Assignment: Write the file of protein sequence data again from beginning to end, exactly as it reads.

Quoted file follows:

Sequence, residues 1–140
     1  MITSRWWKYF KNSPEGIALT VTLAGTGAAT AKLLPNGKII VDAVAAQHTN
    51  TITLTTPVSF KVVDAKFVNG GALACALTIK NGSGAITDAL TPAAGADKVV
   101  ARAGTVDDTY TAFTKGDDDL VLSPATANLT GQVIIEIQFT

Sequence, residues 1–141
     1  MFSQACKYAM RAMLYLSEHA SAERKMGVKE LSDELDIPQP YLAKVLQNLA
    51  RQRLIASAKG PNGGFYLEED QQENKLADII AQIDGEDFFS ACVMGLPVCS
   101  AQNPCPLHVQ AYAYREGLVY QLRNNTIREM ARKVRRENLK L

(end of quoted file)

Sequence, residues 1–140
     1  MITSRWWKYF KNSPEGIALT VTLAGTGAAT AKLLPNGKII VDAVAAQHTN
    51  TITLTTPVSF KVVDAKFVNG GALACALTIK NGSGAITDAL TPAAGADKVV
   101  ARAGTVDDTY TAFTKGDDDL VLSPATANLT GQVIIEIQFT

Sequence, residues 1–141
     1  MFSQACKYAM RAMLYLSEHA SAERKMGVKE LSDELDIPQP YLAKVLQNLA
    51  RQRLIASAKG PNGGFYLEED QQENKLADII AQIDGEDFFS ACVMGLPVCS
   101  AQNPCPLHVQ AYAYREGLVY QLRNNTIREM ARKVRRENLK L